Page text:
How to install and enable the fuse NTFS-3g driver. The fuse NTFS-3G driver is an open source, freely available NTFS driver for Linux with read and write support. It provides safe and fast handling of the Windows XP, Windows Server 2003 and Windows 2000 file systems. Most POSIX file system operations are supported, with the exception of full file ownership and access right support.
Applicable to Centos Versions:
- Centos 5.x
- You need RPMForge repo installed and configured.
Doing the Work
This howto assumes you are the root user on the system.
- You need to install fuse-ntfs-3g
- Once the ntfs-3g is installed you need to set up the mount point.
- Now you need to locate your windows partition, do this with the following command.
- That command should return something similar to the following.
- Now an entry is needed in the files system table, to do so enter the following.
- Now in the vi text editor make and entry similar to the follwing as the last line of the file. (hint: use i for insert)
- Now you need to mount your new partitions.
- Close the terminal.
- Your Windows partition should now be available in Nautilus under “/mnt/windows”.
<strong>yum --en=rpmforge install fuse-ntfs-3g</strong>
Disk /dev/sda: 200.0 GB, 200048565760 bytes<br />255 heads, 63 sectors/track, 24321 cylinders<br />Units = cylinders of 16065 * 512 = 8225280 bytes<br /><br /> Device Boot Start End Blocks Id System<br />/dev/sda1 * 1 11572 92952058+ 7 HPFS/NTFS<br />/dev/sda2 11573 23321 94373842+ 83 Linux<br />/dev/sda3 23322 24321 8032500 82 Linux swap / Solaris<br /><br />Disk /dev/sdb: 200.0 GB, 200048565760 bytes<br />255 heads, 63 sectors/track, 24321 cylinders<br />Units = cylinders of 16065 * 512 = 8225280 bytes<br /><br /> Device Boot Start End Blocks Id System<br />/dev/sdb1 * 1 24321 195358401 b W95 FAT32<br />
<strong>/dev/sda1 /mnt/windows ntfs-3g defaults,fmask=0000,dmask=0000,uid=500 0 0</strong><br /><br />If your partition identifier is not "/dev/sda1" substitute the correct device. (For example it might be "/dev/sdb2")<br />Once the new line is added press the esc key, then :wq to "write + quit" the editor, this will save the file with the<br />recent changes you made.<br />
How to test
- Use Nautilus and browse your newly mounted Windows directory.
- If the filesystem has been mounted already, fstab will need to be re-read and the drive re-mounted. The principle is that the fstab is only read when the drive is being mounted thus any changes to the fstab on an already mounted drive will result in the changes happening on the next mount and/or on reboot. To unmount an already incorrectly mounted drive at /mnt/windows do the following:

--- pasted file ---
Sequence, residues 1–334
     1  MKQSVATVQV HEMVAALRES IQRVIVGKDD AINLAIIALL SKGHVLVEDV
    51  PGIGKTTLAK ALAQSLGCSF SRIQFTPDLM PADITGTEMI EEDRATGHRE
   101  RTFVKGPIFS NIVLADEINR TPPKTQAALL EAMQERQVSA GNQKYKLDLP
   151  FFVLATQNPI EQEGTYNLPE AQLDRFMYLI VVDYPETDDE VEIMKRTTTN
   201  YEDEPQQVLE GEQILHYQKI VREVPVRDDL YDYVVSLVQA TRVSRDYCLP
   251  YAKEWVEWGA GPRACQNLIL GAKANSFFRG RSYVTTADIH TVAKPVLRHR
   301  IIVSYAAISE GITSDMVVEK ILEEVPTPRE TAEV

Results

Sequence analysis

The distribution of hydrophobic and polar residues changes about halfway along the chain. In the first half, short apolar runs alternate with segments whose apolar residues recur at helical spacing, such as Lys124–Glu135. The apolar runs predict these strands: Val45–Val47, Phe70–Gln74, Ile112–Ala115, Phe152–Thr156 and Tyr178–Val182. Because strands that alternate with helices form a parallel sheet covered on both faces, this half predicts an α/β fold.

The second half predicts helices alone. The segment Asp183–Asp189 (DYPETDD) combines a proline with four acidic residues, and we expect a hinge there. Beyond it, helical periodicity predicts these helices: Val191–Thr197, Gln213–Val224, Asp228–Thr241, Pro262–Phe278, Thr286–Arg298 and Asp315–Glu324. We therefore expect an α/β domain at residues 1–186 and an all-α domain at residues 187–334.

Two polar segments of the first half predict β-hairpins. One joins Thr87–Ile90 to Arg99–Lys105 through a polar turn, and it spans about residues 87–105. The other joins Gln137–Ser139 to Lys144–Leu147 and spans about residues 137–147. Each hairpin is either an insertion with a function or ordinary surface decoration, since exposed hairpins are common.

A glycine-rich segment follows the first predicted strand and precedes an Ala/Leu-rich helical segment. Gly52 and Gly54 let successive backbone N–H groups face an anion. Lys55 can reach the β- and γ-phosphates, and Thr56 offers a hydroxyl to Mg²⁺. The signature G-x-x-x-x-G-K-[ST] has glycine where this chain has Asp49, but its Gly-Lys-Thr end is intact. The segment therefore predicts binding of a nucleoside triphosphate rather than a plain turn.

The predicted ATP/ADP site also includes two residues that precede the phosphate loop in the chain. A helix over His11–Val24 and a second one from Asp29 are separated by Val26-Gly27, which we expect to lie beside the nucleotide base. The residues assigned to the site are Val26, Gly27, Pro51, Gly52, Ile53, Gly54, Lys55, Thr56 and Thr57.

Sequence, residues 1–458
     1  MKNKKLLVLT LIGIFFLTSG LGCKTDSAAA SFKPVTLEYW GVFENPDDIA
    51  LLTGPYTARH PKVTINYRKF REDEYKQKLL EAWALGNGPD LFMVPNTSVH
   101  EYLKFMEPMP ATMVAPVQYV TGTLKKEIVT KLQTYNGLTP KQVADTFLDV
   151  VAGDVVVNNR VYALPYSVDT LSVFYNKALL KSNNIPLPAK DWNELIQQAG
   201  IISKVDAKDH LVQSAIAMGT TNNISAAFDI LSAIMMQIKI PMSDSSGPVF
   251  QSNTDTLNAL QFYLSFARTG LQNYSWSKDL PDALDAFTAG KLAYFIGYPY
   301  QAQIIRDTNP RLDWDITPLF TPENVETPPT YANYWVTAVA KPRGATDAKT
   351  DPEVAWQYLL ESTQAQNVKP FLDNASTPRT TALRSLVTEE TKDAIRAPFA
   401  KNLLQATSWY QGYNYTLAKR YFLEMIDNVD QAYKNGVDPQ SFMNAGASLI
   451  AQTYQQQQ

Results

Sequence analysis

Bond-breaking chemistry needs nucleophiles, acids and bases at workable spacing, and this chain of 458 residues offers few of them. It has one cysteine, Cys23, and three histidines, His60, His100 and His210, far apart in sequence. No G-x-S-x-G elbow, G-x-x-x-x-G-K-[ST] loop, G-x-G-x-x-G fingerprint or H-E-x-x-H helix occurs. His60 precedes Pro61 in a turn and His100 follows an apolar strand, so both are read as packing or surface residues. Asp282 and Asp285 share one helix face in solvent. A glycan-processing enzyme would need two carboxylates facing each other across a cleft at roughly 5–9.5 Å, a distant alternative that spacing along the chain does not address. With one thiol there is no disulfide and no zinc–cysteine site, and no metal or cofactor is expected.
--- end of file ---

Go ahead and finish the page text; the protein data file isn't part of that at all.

- If you have SELinux turned on you will have to redo the mount commands. a simple alternative is to disable SELinux temporarily.
- Change your file to look similar to this one
- Another way to bypass this is to manually mount it on boot and maintain SELinux
- Your file should look like this
- Add this line at the end of the file
<strong>umount /mnt/windows</strong><br /><br />Once you've made the necessary changes and assuming you have correctly set everything up, you may return to step 7 above.<br />
<strong>setenforce 0</strong> (This sets SeLinux temporarily to permissive mode)<br /><strong>getenforce</strong> (This will tell you the current status of SELinux)<br /><strong>setenforce 1</strong> (This sets SELinux back to enforcing mode)<br /><br />To check:<br /><strong>vi /etc/selinux/config</strong>
<strong>IMPORTANT NOTE: It is NOT recommended to leave SELinux disabled. If you have trouble with SELInux it is best to solve the<br />problem rather than bypass important system security.</strong><br /><br /># This file controls the state of SELinux on the system.<br /># SELINUX= can take one of these three values:<br /># enforcing - SELinux security policy is enforced.<br /># permissive - SELinux prints warnings instead of enforcing.<br /># disabled - SELinux is fully disabled.<br /><strong>SELINUX=permissive</strong>
# SELINUXTYPE= type of policy in use. Possible values are:
# targeted - Only targeted network daemons are protected.
# strict - Full SELinux protection.
# SETLOCALDEFS= Check local definition changes
#!/bin/sh<br />#<br /># This script will be executed *after* all the other init scripts.<br /># You can put your own initialization stuff in here if you don't<br /># want to do the full Sys V style init stuff.<br /><br /><strong>touch /var/lock/subsys/local</strong><br />
<strong>mount -t ntfs-3g /dev/sda1 /mnt/windows -O uid=500,rw,fmask=0000,dmask=0000</strong>
This should auto mount your windows partition while maintaining SELinux for security reasons.
Common problems and fixes
Describe common problems here, include links to known common problems if on another site
- You may have problems with SELinux. This is currently getting fixed. Red Hat Bugzilla
test this stuff on our own machines, really we do. But you may run into
problems, if you do, come to #centos on irc.freenode.net